A switch to 3-5-2 allowed for half a season of great form in 2021, and the Blaugrana captured their first trophy since the 2019 Liga with a Copa del Rey win. But Ronald Koeman abandoned that idea and after being run into the ground by club and country, Pedri began the season injured. Things looked bad.
Then Xavi came in as manager, and instantly things changed. The lines drew closer together, the spacing in the team got more compact and the midfield suddenly began to dominate games (and in a 4-3-3, too!). Suddenly Sergio Busquets didn’t look so past it, and even though Frenkie de Jong took a while to find his rhythm under Xavi, Gavi filled in while he did.
Since their Copa del Rey elimination to Athletic Club at the end of January, Barcelona have played 12 games, winning nine of them (and two of those draws were the first of two legs). They have scored four goals on six separate occasions and have climbed up La Liga to the point where, if they win their game in hand, they will go second in the table, albeit still nine points behind Real Madrid.
This all culminated in the Clásico win, of course. That match, much like the whole run of games, was powered by midfield dominance. Busquets, De Jong and Pedri took on the much-vaunted trio of Luka Modric, Toni Kroos and Casemiro and tore them apart.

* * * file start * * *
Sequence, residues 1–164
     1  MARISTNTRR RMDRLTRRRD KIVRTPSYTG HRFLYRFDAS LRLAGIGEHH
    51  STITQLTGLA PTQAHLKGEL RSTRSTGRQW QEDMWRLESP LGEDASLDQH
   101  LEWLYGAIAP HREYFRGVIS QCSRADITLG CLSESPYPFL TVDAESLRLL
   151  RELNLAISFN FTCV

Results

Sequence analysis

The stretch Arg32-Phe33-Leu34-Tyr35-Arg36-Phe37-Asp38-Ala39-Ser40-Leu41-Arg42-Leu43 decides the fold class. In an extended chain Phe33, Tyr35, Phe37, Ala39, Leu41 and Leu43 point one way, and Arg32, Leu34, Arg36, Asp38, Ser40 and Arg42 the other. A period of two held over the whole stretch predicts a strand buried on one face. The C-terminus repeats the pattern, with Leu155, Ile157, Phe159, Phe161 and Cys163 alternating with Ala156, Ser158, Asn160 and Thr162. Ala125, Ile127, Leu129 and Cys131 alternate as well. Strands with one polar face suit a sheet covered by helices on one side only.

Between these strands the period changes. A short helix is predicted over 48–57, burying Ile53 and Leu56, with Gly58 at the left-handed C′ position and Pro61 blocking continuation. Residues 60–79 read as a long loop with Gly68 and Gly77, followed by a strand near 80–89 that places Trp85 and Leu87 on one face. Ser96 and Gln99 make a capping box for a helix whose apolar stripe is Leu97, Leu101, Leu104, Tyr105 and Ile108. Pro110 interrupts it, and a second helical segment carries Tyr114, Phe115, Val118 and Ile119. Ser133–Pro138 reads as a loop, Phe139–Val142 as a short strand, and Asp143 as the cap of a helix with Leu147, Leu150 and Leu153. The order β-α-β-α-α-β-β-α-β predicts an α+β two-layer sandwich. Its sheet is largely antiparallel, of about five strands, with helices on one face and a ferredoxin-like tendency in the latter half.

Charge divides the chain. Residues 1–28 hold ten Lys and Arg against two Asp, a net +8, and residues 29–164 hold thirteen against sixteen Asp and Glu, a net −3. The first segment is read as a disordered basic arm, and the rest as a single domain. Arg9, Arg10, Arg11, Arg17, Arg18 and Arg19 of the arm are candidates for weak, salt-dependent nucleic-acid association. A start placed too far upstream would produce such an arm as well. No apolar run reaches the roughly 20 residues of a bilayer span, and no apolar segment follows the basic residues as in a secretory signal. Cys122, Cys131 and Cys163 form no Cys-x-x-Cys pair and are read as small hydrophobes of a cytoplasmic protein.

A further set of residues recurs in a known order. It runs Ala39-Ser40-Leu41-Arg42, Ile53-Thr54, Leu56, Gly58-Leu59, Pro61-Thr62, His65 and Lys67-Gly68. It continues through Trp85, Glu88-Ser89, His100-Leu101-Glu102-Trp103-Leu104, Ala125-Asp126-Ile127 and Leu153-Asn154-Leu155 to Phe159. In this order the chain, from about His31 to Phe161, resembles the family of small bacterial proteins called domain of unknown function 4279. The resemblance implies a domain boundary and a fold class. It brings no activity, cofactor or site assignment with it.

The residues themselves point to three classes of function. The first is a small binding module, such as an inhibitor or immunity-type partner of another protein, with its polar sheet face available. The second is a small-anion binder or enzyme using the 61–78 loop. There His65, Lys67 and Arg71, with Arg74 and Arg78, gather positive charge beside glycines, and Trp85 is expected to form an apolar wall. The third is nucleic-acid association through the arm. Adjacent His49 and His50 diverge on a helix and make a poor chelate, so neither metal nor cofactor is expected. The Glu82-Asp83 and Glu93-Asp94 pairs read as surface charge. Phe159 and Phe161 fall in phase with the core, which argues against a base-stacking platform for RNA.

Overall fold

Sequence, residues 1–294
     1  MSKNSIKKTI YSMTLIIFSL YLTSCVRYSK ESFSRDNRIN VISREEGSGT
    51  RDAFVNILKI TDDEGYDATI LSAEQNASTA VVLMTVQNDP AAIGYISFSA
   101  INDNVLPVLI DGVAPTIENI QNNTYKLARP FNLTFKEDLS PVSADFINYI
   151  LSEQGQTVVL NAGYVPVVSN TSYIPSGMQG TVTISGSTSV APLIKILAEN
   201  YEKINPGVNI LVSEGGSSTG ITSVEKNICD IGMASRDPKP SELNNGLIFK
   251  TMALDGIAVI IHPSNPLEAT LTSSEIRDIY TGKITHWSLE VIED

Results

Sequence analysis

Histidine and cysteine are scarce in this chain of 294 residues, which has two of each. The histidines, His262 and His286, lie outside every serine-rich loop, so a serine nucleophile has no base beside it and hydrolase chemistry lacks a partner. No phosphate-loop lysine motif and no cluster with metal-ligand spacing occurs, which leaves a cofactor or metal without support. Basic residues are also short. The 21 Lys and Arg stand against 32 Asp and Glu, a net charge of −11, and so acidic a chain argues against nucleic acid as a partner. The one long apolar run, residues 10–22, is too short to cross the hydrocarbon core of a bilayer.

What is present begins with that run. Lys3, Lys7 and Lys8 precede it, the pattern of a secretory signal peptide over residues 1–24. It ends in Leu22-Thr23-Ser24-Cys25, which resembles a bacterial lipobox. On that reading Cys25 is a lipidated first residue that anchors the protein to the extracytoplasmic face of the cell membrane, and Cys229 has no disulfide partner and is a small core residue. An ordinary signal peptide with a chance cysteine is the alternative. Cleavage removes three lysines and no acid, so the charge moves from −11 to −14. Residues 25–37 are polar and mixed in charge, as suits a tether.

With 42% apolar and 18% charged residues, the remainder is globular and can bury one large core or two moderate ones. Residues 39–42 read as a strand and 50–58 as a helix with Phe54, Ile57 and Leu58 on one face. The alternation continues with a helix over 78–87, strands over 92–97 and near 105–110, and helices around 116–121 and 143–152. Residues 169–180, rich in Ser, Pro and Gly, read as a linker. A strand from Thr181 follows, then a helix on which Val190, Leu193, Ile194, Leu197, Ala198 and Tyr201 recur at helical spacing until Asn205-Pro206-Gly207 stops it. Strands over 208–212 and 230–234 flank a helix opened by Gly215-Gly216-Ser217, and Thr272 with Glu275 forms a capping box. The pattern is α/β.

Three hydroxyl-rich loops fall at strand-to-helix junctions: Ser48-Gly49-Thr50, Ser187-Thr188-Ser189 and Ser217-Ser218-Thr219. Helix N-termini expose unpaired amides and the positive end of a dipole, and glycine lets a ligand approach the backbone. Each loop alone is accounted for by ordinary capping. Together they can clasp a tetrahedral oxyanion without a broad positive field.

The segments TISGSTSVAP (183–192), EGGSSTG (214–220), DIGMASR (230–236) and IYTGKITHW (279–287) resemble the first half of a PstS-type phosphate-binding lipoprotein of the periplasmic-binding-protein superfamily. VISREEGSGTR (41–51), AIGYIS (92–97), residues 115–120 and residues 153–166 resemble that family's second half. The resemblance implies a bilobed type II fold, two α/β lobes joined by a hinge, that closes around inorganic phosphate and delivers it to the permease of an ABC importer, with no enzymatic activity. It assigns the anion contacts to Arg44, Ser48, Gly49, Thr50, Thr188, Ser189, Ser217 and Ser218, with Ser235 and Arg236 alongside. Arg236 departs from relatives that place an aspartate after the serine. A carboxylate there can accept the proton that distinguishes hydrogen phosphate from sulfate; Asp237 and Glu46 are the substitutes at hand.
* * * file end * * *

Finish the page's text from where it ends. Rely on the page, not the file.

What makes this Barcelona midfield so potent is the blend of skill sets. Where the Iniesta-Rakitic-Busquets midfield was three players covering each other’s flaws in a system designed for the forwards and not them, Busquets-Frenkie-Pedri is three men maximising each other’s strengths in a system that puts them first.
Sergio Busquets: Mr. Everything
Busquets was considered a spent force before Xavi showed up, a player living on his past reputation. But the 3-5-2 shape and now Xavi’s coaching have revitalised him to the fullest extent.
Since the start of last season, no one in La Liga has had more touches than Busquets (5,381) and what’s more, no one has attempted or completed more passes than him (4,240/4,729 for an 89.66% completion) as he has consistently recycled possession.
Moreover, Busquets’ 132 tackles places him sixth and his 86 interceptions has him seventh among players in La Liga. For someone considered an aesthete, a playmaker, Busquets is actually a defensive workhorse. He is Barcelona’s Mr. Everything, winning the ball back and moving it forward at a remarkable speed to keep the Blaugrana on the front foot.